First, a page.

The chairman of the Senate Banking Committee spelled out yesterday why he thinks Treasury Secretary G. William Miller "may have committed criminal perjury before our committee" when he denied, at 1978 confirmation hearings, any knowledge that his company, Textron, had bribed foreign officials.
Renewing his demand for appointment of a special prosecutor, Sen. William Proxmire (D-Wis.) wrote Attorney General Benjamin Civiletti that "there is every good objective reason to believe that Mr. Miller knew his testimony before this committee in 1978 was false and misleading."
Proxmire's letter, the most serious challenge yet to Miller's truthfulness, was based on a charge by the Securities and Exchange Commission that from 1971 to 1978 Textron Inc., which Miller headed at the time, paid $5.4 million to officials of foreign countries to spur sales of company produts. Miller said at the 1978 hearings that Textron hadn't paid any bribes and has since said he didn't know about them at the time, according to Proxmire.
One count of Proxmire's charges against Miller involves information that in 1973 Textron paid a $2.9 million commission to Air Taxi, its Iranian sales agent, in connection with the sale of helicopters to Iran. Iranian Air Force Gen. Mohammed Khatami was alleged to have an interest in the company.
Proxmire said that if Khatami did have a financial interest in the company and Textron knew it, by law the $2.9 million constituted a bribe. Proxmire said that in 1978 Miller had denied Khatami had an interest and had denied that either he or his company knew of such alleged financial interest.
Proxmire said the SEC report states the general did have an interest in Air Taxi and received $500,000 of the $2.9 million. Furthermore, Proxmire said, officials of Textron who worked with Miller knew of Khatami's ownership then and even had documents in their files on it.
"In fact," Proxmire wrote, "General Khatami's ownership of Air Taxi was common knowledge in Iran as testified to by State Department personnel and public source documents including a Commerce Department world trade data report supplied to Textron by the Commerce Department."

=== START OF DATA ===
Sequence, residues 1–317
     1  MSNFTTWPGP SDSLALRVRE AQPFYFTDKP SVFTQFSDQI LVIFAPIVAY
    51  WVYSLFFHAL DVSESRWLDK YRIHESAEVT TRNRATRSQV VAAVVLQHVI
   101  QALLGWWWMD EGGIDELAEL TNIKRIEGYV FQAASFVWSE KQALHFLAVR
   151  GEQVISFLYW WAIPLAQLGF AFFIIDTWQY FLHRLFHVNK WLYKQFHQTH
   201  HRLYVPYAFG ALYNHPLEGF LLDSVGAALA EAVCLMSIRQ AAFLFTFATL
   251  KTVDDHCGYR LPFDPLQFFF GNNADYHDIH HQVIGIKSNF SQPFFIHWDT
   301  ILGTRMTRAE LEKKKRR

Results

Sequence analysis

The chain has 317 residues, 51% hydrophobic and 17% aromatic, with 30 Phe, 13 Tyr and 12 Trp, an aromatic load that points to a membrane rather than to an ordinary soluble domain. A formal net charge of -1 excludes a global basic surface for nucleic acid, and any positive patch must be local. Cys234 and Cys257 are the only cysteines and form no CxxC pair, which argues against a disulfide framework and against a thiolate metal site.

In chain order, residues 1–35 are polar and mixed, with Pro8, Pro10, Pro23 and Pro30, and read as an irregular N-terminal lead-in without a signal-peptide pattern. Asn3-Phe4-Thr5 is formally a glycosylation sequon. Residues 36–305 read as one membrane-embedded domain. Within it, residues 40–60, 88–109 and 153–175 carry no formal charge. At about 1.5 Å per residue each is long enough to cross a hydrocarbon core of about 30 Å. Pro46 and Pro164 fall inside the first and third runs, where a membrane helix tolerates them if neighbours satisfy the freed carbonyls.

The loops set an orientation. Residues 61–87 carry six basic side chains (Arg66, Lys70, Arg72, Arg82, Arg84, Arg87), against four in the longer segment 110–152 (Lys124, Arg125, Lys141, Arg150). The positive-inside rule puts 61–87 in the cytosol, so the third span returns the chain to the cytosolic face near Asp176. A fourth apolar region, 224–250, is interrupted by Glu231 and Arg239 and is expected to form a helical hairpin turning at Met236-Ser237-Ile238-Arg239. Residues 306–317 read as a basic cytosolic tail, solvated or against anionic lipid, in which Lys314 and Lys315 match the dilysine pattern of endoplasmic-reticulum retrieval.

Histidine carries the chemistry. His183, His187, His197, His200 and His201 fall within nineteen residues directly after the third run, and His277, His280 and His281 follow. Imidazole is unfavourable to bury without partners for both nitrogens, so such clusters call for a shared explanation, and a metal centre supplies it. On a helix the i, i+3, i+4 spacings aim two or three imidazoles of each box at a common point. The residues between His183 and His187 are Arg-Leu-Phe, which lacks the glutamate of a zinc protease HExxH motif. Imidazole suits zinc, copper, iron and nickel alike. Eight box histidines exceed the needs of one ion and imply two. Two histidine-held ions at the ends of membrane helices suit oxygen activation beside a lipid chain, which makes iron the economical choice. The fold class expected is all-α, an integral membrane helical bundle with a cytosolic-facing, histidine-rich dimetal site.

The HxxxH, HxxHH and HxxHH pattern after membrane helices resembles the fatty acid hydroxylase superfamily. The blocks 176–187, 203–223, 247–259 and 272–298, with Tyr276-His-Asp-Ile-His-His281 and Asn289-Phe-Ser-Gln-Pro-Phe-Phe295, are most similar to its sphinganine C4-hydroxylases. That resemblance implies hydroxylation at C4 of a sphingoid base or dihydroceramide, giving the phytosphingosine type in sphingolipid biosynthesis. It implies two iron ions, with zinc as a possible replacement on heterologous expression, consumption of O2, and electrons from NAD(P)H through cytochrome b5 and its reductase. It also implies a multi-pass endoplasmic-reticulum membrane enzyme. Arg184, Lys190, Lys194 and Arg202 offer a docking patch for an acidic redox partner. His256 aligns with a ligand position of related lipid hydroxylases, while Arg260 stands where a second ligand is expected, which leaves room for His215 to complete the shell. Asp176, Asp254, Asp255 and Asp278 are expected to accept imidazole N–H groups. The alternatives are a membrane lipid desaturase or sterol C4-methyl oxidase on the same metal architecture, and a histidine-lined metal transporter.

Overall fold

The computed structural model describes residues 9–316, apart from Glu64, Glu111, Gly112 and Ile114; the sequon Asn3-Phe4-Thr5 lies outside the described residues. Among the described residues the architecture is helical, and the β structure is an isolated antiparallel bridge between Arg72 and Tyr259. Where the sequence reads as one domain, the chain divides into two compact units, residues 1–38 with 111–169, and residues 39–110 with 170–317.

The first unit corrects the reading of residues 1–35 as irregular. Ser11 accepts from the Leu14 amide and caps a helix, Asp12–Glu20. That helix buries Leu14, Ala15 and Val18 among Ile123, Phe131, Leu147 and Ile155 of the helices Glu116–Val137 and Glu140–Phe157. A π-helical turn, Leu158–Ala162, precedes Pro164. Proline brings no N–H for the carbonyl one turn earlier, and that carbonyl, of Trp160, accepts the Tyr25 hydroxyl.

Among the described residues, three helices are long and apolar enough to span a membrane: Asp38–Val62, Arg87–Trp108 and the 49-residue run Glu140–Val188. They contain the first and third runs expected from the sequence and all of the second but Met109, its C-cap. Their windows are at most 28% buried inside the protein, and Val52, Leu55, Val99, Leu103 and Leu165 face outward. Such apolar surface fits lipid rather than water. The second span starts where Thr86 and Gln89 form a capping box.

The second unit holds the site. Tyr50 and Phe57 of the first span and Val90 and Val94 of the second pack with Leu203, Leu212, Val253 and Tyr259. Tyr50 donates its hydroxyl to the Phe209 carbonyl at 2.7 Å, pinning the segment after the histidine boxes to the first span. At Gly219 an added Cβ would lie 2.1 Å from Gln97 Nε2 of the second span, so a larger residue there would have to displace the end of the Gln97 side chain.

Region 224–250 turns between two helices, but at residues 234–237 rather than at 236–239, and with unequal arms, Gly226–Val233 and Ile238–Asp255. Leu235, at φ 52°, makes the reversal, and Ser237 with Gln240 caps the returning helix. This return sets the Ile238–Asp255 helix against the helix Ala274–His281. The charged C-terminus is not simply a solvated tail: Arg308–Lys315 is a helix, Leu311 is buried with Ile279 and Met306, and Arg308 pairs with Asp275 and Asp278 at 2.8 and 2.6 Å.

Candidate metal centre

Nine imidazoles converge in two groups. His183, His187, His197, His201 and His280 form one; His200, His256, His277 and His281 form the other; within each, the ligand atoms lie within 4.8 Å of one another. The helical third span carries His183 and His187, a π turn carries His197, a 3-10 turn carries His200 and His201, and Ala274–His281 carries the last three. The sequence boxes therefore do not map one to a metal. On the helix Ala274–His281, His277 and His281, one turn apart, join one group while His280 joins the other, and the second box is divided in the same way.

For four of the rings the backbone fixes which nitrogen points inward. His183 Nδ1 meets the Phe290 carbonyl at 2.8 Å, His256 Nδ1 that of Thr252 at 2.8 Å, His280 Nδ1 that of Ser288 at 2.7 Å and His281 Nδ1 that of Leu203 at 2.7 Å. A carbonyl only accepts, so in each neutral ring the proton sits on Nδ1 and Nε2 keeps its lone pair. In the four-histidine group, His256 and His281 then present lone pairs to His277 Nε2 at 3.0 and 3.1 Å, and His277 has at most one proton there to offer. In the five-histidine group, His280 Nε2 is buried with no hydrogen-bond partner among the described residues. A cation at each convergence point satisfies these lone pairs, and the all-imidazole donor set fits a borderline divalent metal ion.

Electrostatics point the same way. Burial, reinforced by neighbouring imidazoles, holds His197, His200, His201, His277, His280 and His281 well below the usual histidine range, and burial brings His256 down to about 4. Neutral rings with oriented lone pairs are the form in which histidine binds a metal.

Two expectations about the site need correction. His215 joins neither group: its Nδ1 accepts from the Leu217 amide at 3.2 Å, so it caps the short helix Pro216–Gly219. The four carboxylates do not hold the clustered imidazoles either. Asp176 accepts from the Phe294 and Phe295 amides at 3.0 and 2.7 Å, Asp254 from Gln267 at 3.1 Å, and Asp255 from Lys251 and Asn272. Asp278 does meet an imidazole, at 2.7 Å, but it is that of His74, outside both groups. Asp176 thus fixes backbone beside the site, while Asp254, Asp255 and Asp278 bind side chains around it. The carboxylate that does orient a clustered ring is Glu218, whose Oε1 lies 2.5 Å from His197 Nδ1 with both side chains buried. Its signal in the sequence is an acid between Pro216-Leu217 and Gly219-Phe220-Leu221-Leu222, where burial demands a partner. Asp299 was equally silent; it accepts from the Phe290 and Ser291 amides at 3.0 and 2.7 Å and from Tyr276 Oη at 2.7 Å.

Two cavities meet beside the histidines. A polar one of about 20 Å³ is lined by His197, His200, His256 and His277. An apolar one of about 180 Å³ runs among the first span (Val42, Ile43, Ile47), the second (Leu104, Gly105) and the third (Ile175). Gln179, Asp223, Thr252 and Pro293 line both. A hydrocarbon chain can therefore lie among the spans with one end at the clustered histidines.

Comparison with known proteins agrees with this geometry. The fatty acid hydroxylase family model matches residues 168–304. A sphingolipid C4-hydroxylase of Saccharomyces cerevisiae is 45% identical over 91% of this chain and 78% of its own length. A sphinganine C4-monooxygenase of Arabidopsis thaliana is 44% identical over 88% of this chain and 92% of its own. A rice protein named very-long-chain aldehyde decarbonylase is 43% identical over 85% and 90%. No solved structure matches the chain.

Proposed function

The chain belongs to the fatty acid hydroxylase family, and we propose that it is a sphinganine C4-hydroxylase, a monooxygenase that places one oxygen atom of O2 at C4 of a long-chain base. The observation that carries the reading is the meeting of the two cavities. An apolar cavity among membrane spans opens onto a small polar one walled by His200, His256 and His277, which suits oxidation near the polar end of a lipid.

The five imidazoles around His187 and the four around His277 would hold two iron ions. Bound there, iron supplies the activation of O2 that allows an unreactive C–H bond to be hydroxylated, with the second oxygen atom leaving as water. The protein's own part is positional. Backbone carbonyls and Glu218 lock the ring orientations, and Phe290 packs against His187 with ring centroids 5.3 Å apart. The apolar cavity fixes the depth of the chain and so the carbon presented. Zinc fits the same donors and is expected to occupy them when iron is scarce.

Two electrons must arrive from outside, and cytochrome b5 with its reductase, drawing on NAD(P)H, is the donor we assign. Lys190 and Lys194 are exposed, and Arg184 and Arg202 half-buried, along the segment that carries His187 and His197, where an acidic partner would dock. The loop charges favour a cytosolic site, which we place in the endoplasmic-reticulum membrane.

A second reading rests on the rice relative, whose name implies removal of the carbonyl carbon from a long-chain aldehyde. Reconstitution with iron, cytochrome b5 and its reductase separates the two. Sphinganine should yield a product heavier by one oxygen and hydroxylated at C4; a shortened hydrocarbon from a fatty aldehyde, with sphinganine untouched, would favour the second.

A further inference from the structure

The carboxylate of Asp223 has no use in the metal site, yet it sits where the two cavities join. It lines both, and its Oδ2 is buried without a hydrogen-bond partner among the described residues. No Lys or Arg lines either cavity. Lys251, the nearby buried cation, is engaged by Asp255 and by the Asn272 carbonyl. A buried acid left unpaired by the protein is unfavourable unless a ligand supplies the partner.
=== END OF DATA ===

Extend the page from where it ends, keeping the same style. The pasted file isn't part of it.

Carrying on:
These facts, Proxmire said, "strongly infer" that Miller must have known of Khatami's financial involvement. In addition, he said, a Textron employe testified under oath in 1978 that he didn't know of the general's influence over military purchases, yet later the company turned over a subpoenaed internal document showing that this employe had previously discussed the general's influence with other employes.
Moreover, Proxmire said, on the very morning of Miller's 1978 confirmation, Textron turned over documents which "it said came 'into our possession at this last minute' confirming that public records in Iran showed General Khatami to have been chairman of Air Taxi."
Finally, Proxmire said, the company waited until June 21, 1978, two months after Miller was confirmed as chairman of the Federal Reserve Board to turn over to the committee a March 1971 Textron memorandum which contained evidence that the general owned an interest in Air Taxi.
In another charge, Proxmire said that Miller during the 1978 hearing was asked to report on allegations of a possible Textron bribe to Ghanaian officials in connection with a helicopter sale, and that Miller subsequently said "he did not know of any impropriety."
Proxmire said Miller had "reason to know" of such a bribe because on Jan. 25, 1978 -- only a day after he was requested to inquire into a bridge possibly -- Textron, it now turns out, destroyed a document revealing the bribe. "Senior officials at Textron knew that the Ghanian bribe had been paid.Mr. Miller discussed the Ghana transaction with those officials in connection with his testimony to this committee on the Ghana transaction."
Proxmire said that, in 1978, Miller not only denied the company paid bribes generally but also denied payments to Swiss accounts and "overbilling and accommodation payments" to facilitate bribery. Yet, Proxmire said, the SEC and other information now show that senior officials of Textron with whom Miller regularly dealt knew at the time Miller was testifying that some of his statements were false.
Civiletti, who said earlier this week he's convinced his fellow Cabinet member has no knowledge of the payments while head of the company, has a month to decide whether to appoint a special prosecutor -- or he can make a preliminary investigation and then decide.